Accordingly, also contemplated within the scope of the present invention are DNAs that encode NMDA receptor subunits as defined above, but that by virtue of degeneracy of the genetic code do not necessarily hybridize to the disclosed DNA under specified hybridization conditions. Such subunits also contribute to the formation of functional receptor, as assessed by methods described herein or known to those of skill in the art, with one or more additional NMDA receptor subunits of the same or different type (the presence of additional subunits of a different type is optional when said subunit is an NMDAR1 subunit). Typically, unless an NMDA receptor subunit is encoded by RNA that arises from alternative splicing (i.e., a splice variant), NMDA receptor subunit-encoding DNA and the NMDA receptor subunit encoded thereby share substantial sequence homology with at least one of the NMDA receptor subunit DNAs (and proteins encoded thereby) described herein. It is understood that DNA or RNA encoding a splice variant may share less than 90% overall sequence homology with the DNA or RNA provided herein, but include regions of nearly 100% homology to a DNA fragment described herein, and encode an open reading frame that includes start and stop codons and encodes a functional NMDA receptor subunit.

As employed herein, the phrase “NMDA receptor subunit(s) of the NMDAR1 subtype” refers to proteins which, by hydrophobicity analysis of deduced amino acid sequences, are believed to contain four or more putative transmembrane domains, preceded by a large extracellular N-terminal domain. The amino acid sequence typically contains possible phosphorylation sites for Ca2+/calmodulin-dependent protein kinase type II and protein kinase C [see, for example, Kemp et al. (1990) Trends in Biological Science Vol. 15:342-346; Kishimoto et al. (1985) J. Biol. Chem. Vol. 260:12492-12499; Whittemore et al. (1993) Nature 364:70-73]. (These protein kinases reportedly play a crucial role in induction and maintenance of long term potentiation.)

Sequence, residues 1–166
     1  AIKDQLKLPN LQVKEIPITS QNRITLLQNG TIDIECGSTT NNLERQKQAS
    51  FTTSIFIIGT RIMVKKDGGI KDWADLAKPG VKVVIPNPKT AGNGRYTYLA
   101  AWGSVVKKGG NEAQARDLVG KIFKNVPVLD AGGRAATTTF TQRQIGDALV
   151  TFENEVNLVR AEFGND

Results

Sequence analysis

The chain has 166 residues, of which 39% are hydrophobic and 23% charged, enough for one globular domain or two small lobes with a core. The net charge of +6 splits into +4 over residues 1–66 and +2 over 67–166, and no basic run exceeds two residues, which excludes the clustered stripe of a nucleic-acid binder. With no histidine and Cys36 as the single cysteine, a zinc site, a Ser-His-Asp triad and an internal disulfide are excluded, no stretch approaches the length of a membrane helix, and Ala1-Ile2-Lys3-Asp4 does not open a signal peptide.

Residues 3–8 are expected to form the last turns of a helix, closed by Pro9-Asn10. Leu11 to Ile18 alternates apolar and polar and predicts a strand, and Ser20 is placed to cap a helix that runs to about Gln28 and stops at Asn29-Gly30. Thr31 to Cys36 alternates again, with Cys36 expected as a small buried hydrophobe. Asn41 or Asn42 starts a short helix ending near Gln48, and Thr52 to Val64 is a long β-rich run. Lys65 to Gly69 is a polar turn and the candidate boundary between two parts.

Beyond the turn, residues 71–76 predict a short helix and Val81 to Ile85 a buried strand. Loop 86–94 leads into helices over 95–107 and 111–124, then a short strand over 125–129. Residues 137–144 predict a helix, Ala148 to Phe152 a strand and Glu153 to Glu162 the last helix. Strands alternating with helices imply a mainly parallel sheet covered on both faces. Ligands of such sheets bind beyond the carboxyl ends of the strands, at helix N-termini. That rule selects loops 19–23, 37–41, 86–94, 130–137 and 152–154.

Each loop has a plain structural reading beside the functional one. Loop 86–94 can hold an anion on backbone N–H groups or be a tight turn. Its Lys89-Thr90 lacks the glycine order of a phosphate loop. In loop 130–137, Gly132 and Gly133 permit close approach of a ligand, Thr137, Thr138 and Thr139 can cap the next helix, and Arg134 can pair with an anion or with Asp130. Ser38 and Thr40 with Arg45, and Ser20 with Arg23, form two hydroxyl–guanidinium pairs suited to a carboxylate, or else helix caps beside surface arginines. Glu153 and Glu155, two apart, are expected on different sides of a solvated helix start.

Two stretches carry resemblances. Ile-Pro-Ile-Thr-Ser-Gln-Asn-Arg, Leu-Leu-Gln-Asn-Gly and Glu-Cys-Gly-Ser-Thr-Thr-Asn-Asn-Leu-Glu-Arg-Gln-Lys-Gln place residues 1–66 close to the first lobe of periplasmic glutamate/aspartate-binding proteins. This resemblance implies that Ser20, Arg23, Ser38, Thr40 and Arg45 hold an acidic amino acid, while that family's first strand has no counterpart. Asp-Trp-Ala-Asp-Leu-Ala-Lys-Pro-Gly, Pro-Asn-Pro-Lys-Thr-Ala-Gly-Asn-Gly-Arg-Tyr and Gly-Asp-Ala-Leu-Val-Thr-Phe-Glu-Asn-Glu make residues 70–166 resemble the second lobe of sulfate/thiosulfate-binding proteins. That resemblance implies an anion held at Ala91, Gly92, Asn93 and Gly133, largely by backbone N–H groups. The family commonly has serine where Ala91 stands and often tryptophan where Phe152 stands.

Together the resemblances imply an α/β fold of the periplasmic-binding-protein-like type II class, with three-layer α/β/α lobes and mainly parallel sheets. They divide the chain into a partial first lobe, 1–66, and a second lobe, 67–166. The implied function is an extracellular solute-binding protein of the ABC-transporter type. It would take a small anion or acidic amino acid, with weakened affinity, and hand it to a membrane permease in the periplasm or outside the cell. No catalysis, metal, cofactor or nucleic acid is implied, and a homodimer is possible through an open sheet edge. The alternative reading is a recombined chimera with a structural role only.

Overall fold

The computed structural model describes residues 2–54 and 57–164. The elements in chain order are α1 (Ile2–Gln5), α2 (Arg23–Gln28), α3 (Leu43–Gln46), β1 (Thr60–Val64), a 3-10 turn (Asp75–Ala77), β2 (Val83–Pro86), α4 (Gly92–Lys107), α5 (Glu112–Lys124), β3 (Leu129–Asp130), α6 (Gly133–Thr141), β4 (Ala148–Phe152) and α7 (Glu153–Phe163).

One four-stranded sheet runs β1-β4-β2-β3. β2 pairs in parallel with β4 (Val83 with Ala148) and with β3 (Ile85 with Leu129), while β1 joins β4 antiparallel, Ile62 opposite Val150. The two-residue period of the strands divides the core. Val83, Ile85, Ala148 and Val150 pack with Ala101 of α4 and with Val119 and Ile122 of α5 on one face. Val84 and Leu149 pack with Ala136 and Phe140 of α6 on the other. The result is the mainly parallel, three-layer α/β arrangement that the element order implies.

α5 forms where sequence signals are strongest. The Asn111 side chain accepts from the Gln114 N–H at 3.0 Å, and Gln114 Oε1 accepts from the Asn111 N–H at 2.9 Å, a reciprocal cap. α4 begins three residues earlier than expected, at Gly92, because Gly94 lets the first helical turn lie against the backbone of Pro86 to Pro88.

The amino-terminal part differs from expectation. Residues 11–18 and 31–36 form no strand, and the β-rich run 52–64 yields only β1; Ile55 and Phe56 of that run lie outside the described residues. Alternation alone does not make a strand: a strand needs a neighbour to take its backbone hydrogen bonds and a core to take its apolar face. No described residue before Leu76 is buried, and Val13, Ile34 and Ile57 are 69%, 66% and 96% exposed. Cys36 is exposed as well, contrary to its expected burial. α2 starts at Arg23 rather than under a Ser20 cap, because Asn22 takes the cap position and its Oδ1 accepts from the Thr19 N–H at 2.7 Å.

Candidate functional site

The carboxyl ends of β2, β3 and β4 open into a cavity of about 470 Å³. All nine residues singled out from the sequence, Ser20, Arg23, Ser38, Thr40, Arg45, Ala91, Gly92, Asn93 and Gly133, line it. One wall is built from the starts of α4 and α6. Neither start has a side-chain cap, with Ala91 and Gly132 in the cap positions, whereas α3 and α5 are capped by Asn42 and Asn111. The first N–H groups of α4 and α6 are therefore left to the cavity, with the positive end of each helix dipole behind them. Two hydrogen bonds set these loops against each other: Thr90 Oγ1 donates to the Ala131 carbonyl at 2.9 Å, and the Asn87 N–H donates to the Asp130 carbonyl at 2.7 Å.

The putative TMII segment (i.e., second transmembrane domain) is typically flanked by a glutamic acid residue at the extracellular side and a stretch of glutamic acid residues at the cytoplasmic side. This segment contains an asparagine residue believed to be responsible for high Ca2+ permeability of the NMDAR channel. For a summary of NMDAR properties, see Ben-Ari et al., in TINS 15:333-339 (1992), especially at p. 334.

Exemplaiy DNA sequences encoding human NMDAR1 subunits are represented by nucleotides which encode substantially the same amino acid sequence as set forth in Sequence ID Nos. 2, 20, 22, 24, 26, 28, 30, 32, 34, 36, 38 or 40. Presently preferred sequences encode substantially the same amino acid sequence as set forth in Sequence ID Nos. 2, 20, 22, 24, 26, 28 or 40.

Exemplary DNA can alternatively be characterized as those nucleotide sequences which encode a human NMDAR1 subunit and hybridize under high stringency conditions to substantially the entire sequence of any one of Sequence ID Nos. No. 1, nucleotides 320-3402 of Sequence ID No. 1, or Sequence ID Nos. 13, 15, 17, 19, 21, 23, 25, 27, 29, 31, 33, 35, 37 or 39, or substantial portions thereof (i.e., typically at least 25-30 nucleotides thereof); preferably exemplary DNA will hybridize under high stringency conditions to substantially the entire sequence of any one of Sequence ID Nos. 19, 21, 23, 25, 27 or 39, or substantial portions thereof.

Stringency of hybridization is used herein to refer to conditions under which polynucleic acid hybrids are stable. As known to those of skill in the art, the stability of hybrids is reflected in the melting temperature (Tm) of the hybrids. Tm can be approximated by the formula: